After lengthy negotiations, India and the U.S. have finally reached an agreement on food subsidies and the trade facilitation agreement doesn’t have any more roadblocks before it can go into effect. However, the World Trade Organization negotiations ended in a compromise with India and must be addressed at a future time.Back in July, India refused to sign the trade facilitation agreement because it would not endorse them to stockpile food. Indian officials stated they needed concessions to stockpile provisions for poor people in their country. The U.S. and other western countries did not think this was fair because that food could potentially be leaked into the market and distort the price of trading and there was no way of tracking it.
Under World Trade Organization rules, countries cannot have food subsidies above 10 percent of the value of their production. India is approaching this amount with 9 percent. Indian officials wants the World Trade Organization’s formula for calculating food subsidies to be reset with new benchmarks to allow for inflation.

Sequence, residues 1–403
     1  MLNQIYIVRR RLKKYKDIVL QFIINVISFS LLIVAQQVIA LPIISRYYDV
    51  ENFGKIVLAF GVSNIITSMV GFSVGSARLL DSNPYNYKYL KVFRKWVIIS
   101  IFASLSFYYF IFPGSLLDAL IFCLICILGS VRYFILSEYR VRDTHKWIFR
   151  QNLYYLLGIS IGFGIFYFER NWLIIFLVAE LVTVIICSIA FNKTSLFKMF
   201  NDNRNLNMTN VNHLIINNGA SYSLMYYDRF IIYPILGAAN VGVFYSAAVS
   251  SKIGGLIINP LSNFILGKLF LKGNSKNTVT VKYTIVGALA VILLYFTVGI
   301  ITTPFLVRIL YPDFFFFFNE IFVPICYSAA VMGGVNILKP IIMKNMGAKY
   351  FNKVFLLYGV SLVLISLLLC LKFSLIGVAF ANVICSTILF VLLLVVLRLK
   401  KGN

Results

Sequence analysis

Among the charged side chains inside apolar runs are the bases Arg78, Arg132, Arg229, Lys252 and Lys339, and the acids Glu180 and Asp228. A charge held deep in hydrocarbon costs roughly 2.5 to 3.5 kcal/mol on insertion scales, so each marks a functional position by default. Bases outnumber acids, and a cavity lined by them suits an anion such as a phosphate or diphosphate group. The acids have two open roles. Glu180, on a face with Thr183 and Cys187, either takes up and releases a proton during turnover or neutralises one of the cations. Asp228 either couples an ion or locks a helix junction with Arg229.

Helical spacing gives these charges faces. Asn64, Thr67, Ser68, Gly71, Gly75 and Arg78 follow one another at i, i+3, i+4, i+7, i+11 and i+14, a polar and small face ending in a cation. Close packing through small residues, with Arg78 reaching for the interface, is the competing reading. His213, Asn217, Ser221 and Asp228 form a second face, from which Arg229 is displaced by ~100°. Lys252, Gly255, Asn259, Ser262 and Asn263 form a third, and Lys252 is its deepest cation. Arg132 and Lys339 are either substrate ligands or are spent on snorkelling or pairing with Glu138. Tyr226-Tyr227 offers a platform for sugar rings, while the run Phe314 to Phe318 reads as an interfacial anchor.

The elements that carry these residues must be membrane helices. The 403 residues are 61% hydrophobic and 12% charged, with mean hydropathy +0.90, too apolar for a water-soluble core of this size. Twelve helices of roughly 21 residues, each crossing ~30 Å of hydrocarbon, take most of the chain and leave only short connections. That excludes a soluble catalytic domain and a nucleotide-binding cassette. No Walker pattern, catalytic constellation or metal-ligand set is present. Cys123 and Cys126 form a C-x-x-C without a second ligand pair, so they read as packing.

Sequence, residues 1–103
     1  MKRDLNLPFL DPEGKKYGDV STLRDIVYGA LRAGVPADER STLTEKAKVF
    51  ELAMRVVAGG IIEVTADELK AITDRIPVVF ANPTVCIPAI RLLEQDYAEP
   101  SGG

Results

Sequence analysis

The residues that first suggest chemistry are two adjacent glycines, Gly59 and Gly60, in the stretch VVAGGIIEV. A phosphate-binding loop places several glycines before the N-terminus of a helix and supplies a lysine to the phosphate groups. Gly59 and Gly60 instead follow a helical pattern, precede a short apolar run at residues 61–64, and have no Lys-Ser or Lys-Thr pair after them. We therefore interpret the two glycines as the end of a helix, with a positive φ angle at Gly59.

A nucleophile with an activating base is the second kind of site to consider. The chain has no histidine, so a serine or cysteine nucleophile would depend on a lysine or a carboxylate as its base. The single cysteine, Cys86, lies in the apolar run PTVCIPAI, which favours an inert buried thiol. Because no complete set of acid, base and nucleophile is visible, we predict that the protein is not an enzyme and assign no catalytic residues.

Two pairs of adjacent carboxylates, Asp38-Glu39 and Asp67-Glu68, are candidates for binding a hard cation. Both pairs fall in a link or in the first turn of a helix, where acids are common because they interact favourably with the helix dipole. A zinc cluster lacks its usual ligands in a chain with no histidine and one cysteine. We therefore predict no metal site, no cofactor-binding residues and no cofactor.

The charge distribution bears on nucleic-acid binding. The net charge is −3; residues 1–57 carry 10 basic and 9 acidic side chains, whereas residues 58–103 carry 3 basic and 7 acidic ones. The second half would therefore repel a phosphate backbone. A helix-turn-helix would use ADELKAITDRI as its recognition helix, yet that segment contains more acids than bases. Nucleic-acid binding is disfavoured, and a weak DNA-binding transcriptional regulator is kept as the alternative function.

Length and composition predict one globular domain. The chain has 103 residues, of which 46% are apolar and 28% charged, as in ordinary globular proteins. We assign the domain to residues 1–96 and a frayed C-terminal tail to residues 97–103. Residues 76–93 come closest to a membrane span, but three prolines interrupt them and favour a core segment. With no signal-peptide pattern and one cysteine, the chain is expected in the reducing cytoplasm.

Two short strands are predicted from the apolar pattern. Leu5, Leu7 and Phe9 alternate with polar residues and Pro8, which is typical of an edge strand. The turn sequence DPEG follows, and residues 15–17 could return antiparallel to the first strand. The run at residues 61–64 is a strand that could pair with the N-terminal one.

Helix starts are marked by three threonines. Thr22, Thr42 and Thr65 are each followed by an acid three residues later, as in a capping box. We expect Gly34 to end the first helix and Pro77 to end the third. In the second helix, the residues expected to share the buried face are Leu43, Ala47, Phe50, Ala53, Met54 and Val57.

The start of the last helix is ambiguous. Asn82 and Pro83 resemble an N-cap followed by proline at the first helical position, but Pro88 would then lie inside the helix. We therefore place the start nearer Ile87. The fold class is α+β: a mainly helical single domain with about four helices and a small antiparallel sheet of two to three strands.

India faced lots of pressure from World Trade Organization members to make a decision. The U.S. finally agreed that India’s food stockpiles would not be touched until they could come up with a permanent solution. So, the trade facilitation agreement can go through, but India’s subsidies could cause problems in the future. There is no obvious solution to the problem, either.
The trade facilitation agreement is supposed to boost global trade by lowering import tariffs and creating standardized customs. It is a plan that has been in the works for several months, but delayed by India. The compromise did not specify a timeframe for renegotiating India’s food subsidies, but it will probably be brought up by World Trade Organization members in late November and early December.